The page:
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Brideshead Revisited - international film DVD / drama DVD review
BRIDESHEAD REVISITED Rated PG-13 by the Motion Picture Association of America rating: 4 stars
Featuring: Matthew Goode, Ben Whishaw, Haley Atwell, Emma Thompson, Michael Gambon
Director: Julian Jarrold   Studio: Miramax
DVD release: 13 January 2009   Runtime: 100 minutes
(1 disc)
Format: AC-3, Color, Dolby, DVD-Video, NTSC, Subtitled, Widescreen
DVD Features: Aspect ratio 2.40:1, Audio tracks (English - Dolby Digital 5.1 Surround, Dolby Digital 2.0 Stereo), Subtitles (English, Spanish), The World of Brideshead, Audio commentary (w/ dir. Julian Jarrold, prod. Kevin Loader, screenwriter Jeremy Brock), Deleted scenes

While watching this version of Brideshead Revisited (based on Evelyn Waugh's classic multi-layered novel about the decade-long relationship between a lower-middle class young man and an aristocratic family), I was stuck with a curious new perspective on the story. Though it is still a romance novel, who, or what exactly, is Charles in love with? Is he ever truly in love with Julia, or with her brother, Sebastian, for that matter? Or is he not in love with either them but instead with their stature and title, so imposingly represented by the Brideshead estate? Is he willing to pay the steep price that comes with acceptance into such a family?

Furthermore, is it possible to be happily in love with people who are dominated by their mother (one who sees herself as defending their souls)? What if these people are also in constant internal conflict with, yet also devoted to, their religious faith? Should a non-believer force them to choose? Does he have the right to?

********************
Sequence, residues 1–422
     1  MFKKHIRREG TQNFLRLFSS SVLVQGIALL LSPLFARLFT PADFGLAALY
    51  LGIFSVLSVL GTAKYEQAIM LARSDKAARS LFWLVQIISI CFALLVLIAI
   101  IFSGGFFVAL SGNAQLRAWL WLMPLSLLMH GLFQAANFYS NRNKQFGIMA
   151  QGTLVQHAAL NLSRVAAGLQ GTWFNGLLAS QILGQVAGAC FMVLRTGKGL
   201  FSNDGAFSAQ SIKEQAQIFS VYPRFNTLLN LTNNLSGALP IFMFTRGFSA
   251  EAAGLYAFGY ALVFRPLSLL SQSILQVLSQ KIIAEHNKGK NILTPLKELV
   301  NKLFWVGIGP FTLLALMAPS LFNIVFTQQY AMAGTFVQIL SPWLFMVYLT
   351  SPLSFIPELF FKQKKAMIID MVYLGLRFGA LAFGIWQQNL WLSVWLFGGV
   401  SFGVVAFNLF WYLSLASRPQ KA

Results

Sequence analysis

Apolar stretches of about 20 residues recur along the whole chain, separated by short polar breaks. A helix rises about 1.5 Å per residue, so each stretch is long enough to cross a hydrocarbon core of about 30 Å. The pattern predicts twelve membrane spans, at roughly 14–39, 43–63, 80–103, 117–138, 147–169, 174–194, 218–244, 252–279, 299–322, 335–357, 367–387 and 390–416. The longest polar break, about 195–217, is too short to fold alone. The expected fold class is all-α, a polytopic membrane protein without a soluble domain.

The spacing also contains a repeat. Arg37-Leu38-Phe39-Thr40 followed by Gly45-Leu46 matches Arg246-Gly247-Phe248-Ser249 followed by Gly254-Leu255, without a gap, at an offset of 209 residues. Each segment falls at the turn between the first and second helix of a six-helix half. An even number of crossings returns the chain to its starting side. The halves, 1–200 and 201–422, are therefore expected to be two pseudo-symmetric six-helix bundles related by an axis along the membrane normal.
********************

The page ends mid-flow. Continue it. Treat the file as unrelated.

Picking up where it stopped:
This adaptation tries very hard to address the novel's key themes. However, the core questions explored in Waugh's novel are so ambitious and profound that the film simply runs out of time and can only scratch the surface of the themes explored in-depth in the novel (though I have not seen it, other critics have noted that an acclaimed mini-series for BBC television in the early 1980s starring Jeremy Irons is still the superior version, mainly because the miniseries' length gave it time to explore the novel's core questions in greater detail).

Still, there is much about this film that makes it worth watching. For one, it is quite elegant and beautifully shot, with on-location filming at Oxford, Venice, Morocco, and "Brideshead" itself - the estate is breathtakingly beautiful but also quite imposing (the film subtly turns the estate into a more ominous, oppressive presence by the conclusion).

Furthermore, the film is almost perfectly cast. Matthew Goode has the large but curiously thankless role of Charles; his job is primarily to react, rather than act, to the actions and emotions expressed by those around him. Haley Atwell is solid if not special as Julia, rather childish and flirty at first, yet quite sympathetic by the end. As expected, Emma Thompson and Michael Gambon, two of the greatest actors alive, effortlessly fill their critical roles as the matriarch and patriarch of the family.

However, the film is stolen by Ben Whishaw as Sebastian. He dominates every scene his in, whether he is acting flamboyantly gay, being torn apart inside by the conflict between his homosexuality and his faith (not to mention failing to live up to the expectations of his mother), or having his heart broken by Charles. After Perfume, I'm Not There and this performance, Whishaw has become one of my favorite young actors to watch.

Again, there is a sense that any theatrical version of this story that aims for a reasonable length (this version clocks in at 133 minutes) will clearly be biting off more than it can chew. Still, fans of period British dramas should still find much to enjoy in this film. Even if it does not quite measure up to the formidable novel, it is still worth visiting.

The usual (deleted scenes, commentary, a making-of featurette).
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reviewed by Trent Daniel
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